What I lose patience with in Ehrlich's writing is most manifest in her book, "Questions of Heaven." She goes to China in search of Buddhism during the early stages of "getting rich is good.
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Format: Hardcover
If you are looking for a book about the current state of buddhism in China, this is not for you. The four stars are given to its enjoyable prose, not to the information it conveys.
Well intentioned as she might be, Ms. Ehrlich apparently did not have a chance to understand the current revival of buddhism in China, being a tourist whose knowlege and DREAM about China was only from books and a few exemplary persons she knew. Recent accounts from oversea Chinese pilgrims painted a different picture. I suppose that with the brisk pace in which everything is carried out in China these days, many things can change in four years. Moreover, it would be surprising if the communists do not learn that in order to make these pilgrimage sites attractive to oversea devotees, at least a semblance of religious atmosphere has to be fostered. It wasn't surprising to read of the accounts of monks whose only practice in the evening was to watch TV. Those are the vestige of the turmoil and destruction of the Cultural Revolution. I only feel sorry that Ms. Ehrlich did not have a chance to read the corpus of works, in Chinese, that aptly and vividly delineate the deplorable state of buddhism in China in the aftermath of the Cultural Revolution. These deplorable sacrileges no doubt still exist but now there are many young and well-educated monastics who enter the order for authentic and admirable purposes. It is them that carry the standard of the revival of buddhim silently, unknown to the westerners--which is good, in the current political atmosphere.
Ms. Ehrlich also did not (or does she) know that there is now a Buddhist college in Emei and that the abbot of one of its monasteries was a highly revered monk who had just passed away in his 90s (if I remember correctly) last year.
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Format: Paperback Verified Purchase
I purchased a used copy (thankfully!) of this book after having read Ms. Ehrlich's This Cold Heaven--which was written five years later--and would never have guessed they're by the same author.

I found Cold Heaven to be far more satisfying than Questions of Heaven. The former errs on the side of sometimes meaningless detail and, especially, cumbersome and often inexplicable metaphors (particularly of snow, ice, and sun), while the latter is by comparison a bit of fluff, more suitable to a popular magazine. Cold Heaven did provide many marvelous insights into Greenland and its people--and, so, was worth wading through Ms. Ehrlich's many excesses--but I came away from Question only with some further evidence that Chairman Mao was a bad guy and that the Chinese people suffered intensely during his reign.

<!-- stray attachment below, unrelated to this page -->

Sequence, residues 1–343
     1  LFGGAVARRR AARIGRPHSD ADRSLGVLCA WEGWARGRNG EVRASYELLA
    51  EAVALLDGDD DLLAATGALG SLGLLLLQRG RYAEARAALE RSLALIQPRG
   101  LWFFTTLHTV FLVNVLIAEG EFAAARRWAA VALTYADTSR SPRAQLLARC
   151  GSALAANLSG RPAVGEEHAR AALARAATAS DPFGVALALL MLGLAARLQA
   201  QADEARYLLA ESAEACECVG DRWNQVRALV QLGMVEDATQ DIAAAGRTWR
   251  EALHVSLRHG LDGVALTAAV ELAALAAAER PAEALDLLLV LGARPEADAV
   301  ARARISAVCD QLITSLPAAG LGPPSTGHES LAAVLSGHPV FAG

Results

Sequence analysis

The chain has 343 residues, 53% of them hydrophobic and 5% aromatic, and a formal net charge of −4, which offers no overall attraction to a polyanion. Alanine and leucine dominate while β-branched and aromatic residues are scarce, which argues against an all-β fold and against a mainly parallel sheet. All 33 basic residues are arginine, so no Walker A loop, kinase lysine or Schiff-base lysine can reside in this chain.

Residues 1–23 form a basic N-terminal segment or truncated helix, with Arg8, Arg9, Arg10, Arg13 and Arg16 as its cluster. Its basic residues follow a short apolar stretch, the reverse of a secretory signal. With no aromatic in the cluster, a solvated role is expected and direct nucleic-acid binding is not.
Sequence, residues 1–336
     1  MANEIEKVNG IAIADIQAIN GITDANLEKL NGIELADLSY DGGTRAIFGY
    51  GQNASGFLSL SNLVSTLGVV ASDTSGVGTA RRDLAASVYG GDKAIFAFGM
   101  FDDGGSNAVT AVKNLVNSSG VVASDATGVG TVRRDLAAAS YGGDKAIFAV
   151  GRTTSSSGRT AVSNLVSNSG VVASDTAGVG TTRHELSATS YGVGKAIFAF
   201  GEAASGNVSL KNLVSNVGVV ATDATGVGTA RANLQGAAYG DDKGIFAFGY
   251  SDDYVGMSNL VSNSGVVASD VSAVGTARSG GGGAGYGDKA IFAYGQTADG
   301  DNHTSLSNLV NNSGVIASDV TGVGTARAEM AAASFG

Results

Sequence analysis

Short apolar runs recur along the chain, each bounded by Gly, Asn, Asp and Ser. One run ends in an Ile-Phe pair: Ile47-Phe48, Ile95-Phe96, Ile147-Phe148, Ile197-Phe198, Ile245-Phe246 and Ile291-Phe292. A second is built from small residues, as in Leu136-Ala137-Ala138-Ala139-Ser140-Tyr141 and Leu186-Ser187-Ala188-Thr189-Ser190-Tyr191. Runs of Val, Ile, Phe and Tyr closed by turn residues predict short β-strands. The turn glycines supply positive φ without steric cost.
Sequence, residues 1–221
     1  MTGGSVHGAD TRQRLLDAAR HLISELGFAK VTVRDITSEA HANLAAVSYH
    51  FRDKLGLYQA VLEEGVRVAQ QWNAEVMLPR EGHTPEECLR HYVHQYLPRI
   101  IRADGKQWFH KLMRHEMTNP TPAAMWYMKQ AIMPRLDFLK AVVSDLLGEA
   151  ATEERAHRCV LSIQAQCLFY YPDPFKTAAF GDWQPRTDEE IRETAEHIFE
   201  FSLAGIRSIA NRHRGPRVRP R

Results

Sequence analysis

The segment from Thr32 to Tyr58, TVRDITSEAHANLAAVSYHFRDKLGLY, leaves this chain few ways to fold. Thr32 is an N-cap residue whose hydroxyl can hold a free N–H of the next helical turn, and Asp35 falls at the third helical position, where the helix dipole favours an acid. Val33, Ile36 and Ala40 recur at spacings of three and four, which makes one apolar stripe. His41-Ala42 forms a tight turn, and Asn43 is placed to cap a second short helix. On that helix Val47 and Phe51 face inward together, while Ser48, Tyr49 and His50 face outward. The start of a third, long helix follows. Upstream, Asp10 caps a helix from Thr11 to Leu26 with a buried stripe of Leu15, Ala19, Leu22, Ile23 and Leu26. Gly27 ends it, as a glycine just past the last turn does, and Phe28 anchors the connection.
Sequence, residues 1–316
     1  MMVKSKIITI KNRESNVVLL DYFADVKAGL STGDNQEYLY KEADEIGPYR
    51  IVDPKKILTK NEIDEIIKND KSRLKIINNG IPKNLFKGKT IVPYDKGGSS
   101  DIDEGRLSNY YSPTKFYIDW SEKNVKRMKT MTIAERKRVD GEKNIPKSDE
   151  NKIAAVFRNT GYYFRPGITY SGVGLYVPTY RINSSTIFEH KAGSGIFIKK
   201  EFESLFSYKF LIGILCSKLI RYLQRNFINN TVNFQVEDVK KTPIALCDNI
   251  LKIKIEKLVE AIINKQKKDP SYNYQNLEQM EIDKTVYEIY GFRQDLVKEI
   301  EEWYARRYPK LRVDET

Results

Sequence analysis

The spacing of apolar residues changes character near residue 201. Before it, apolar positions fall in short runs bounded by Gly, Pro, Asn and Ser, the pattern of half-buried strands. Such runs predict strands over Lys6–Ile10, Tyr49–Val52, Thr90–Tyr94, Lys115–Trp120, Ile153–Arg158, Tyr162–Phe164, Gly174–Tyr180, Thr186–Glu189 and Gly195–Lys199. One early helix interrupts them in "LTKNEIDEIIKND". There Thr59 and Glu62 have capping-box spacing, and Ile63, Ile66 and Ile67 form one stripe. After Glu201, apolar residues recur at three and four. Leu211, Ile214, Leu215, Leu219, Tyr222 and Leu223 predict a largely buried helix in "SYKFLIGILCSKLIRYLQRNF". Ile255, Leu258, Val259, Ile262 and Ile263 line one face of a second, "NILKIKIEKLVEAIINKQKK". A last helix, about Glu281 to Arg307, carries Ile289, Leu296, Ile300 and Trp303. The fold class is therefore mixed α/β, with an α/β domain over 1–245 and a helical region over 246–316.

At a cost of $4 and a couple hours of time, I didn't feel cheated by Questions of Heaven, but I certainly didn't feel much enriched either.

Question of Heaven is, by comparison, a bit of fluff more suitable to a popular magazine.
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Format: Paperback Verified Purchase
I loved her story about the trip to China to connect with Buddhism. What she did was have to navigate poverty, filth, and dig deep within to find her own experience and definition of spirituality. She writes beautifully and I couldn't put it down.
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Format: Paperback
Who would enjoy reading a book that is so negative? If traveling to those places in China is so bad, why write about it, or even publish it? Gretel Ehrlich is a talented writer, but she has no sympathy or empathy for the people of China. I am certain that it was unpleasant for her to see the poverty, the over crowding, the destruction of wilderness areas, the pollution, and the open raw sewage, that she describes. It certainly was not a pleasant experience for me to read about it. She complains about the disgusting conditions that the people live in, and about how commercialized the religious sites are (imagine that - commercializing religion!), and then, there are long rants and sermons against the Chinese government and especially Chairman Mao. Maybe, she was looking for some mystical, transcendental religious experience at those sacred Buddhist sites. She did not appreciate the ugly reality that she found in China.

reading suggestions:
the National Geographic Society's, Journey Into China.
The well written, if somewhat dated (1984) articles depict the fascinating diversity of China with very beautiful photographs.
Also:
Red Pine's (aka. Bill Porter) book, Zen Baggage: A Pilgrimage To China, and, A Ride Along the Great Wall, by Robin Hanbury-Tenison and his wife about their journey following the Great Wall on horseback. Some great photos!